"A ridiculously cute, formerly-famous new guy dropping into your life? It's practically every girl's dream.
But not Jules McCallister-Morgan's.
I realize that on paper I look like your standard type-A, neurotic, overachiever. And maybe I am. But I didn't get to be the editor of my school's long-revered newspaper by just showing up*. I have one main goal for my senior year-early acceptance into my first choice Ivy League college-and I will not be deterred by best friends, moms who think I could stand to "live a little," or boys.
At least, that was the plan before I knew about Alex Powell**.
And before Alex Powell betrayed me***.
I know what you're thinking: Calm down, Jules. But you don't understand. This stuff matters. This is my life. And I'm not going down without a fight.
* Okay, I sort of did. But it's a sore subject.
** I mean, I guess everyone knows about Alex Powell? Two years ago, you couldn't go anywhere without hearing about viral video boy band sensation Chaos 4 All. Two years ago, Alex Powell was famous.
***Some people think I'm overreacting. But this. Means. War."
YA Contemporary Romance, The New Guy (and Other Senior Year Distractions) will be shortened to "The New Guy" for this very review. Let's admit it. The title is a bit long, but it is amusing. Now let's dig into the book. (Enough talk about the title.)
The conflict is absolutely delicious and invigorating to read. On top of the he-is-my-enemy/romance plot Jules has with Alex Powell, she also has a fight against the television news station that is seemingly taking over her school. As the editor of her school journal, she is facing off against an ex-journalist and contender for the spot as school's main information source. It's not all fun and games when the little rivalry turns into nasty (but non-fatal) pranks.
Jules is a really fun narrator. Her perspective is wonderful to read from, and she does care a lot more about journalism and her school's newspaper than anyone else (which totally reminds me of myself; I was like that). She's a very determined girl, who is so concerned with being the best (or at least, good enough to be accepted by universities with her stellar list of extracurricular activities). She's a great character, who totally makes her own actions with its own consequences, and her growth is important to the story. (And personally, I love her character arc.)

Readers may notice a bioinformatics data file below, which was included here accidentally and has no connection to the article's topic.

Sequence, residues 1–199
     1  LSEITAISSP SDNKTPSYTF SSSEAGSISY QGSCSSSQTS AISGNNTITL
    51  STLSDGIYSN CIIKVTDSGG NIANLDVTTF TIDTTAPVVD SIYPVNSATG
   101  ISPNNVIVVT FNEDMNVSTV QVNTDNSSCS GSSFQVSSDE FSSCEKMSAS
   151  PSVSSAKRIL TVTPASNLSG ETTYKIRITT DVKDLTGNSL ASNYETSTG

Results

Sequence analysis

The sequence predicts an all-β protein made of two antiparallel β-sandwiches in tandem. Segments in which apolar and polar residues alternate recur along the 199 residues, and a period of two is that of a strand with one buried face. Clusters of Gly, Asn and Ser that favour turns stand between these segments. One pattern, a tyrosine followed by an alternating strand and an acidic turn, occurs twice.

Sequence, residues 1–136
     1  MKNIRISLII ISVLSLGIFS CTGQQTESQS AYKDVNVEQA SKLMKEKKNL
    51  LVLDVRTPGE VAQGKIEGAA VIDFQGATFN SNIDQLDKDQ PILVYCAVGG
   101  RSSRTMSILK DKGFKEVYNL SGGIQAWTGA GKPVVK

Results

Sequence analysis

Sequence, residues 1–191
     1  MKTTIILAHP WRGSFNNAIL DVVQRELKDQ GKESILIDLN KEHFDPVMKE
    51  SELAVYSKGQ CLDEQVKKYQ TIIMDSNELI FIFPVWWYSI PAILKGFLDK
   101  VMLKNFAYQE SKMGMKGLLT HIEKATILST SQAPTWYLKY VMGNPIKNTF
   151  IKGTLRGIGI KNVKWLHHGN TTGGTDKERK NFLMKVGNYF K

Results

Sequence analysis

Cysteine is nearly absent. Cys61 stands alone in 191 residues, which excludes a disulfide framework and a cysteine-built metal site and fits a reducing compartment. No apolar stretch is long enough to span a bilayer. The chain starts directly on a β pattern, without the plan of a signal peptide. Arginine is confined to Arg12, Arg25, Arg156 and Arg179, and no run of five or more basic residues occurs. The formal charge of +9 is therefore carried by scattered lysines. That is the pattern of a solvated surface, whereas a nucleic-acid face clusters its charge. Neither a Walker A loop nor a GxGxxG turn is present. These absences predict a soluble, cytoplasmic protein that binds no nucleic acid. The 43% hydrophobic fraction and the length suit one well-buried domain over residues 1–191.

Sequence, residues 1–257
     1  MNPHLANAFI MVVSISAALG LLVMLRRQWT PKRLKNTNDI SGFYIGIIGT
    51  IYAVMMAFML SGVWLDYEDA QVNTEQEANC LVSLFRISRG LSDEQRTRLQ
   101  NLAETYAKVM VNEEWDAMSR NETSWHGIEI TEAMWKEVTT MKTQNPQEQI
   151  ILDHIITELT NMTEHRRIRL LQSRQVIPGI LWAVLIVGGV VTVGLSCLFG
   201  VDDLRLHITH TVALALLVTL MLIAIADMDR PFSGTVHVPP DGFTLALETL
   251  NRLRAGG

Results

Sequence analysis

The romance isn't as developed as the character arc. Of course, it does have its great moments, but I would love for some more dog walking. Passive-agressive dog walking. With Jules sending little comments about Alex going into her school's television news program. But still, they have a swoony chemistry underneath that passionate rivalry.
The plot dashes quickly through the first meeting, Jules' first meeting with Alex Powell, the rivalry of television versus newspaper, and dog walking. The book goes by quickly for me, but it's enjoyable nevertheless. I could hardly notice time passing.
The ending is adorable. It's practically the equivalent of puppy eyes and rainbows. It will have most people's hearts swooning because of its rom-com-like ending.
Overall, The New Guy is a subpar romance with humor yet also enough seriousness to make it work. I recommend this to those who love rom-coms and to those who enjoy romantic gestures.
Rating: Three out of Five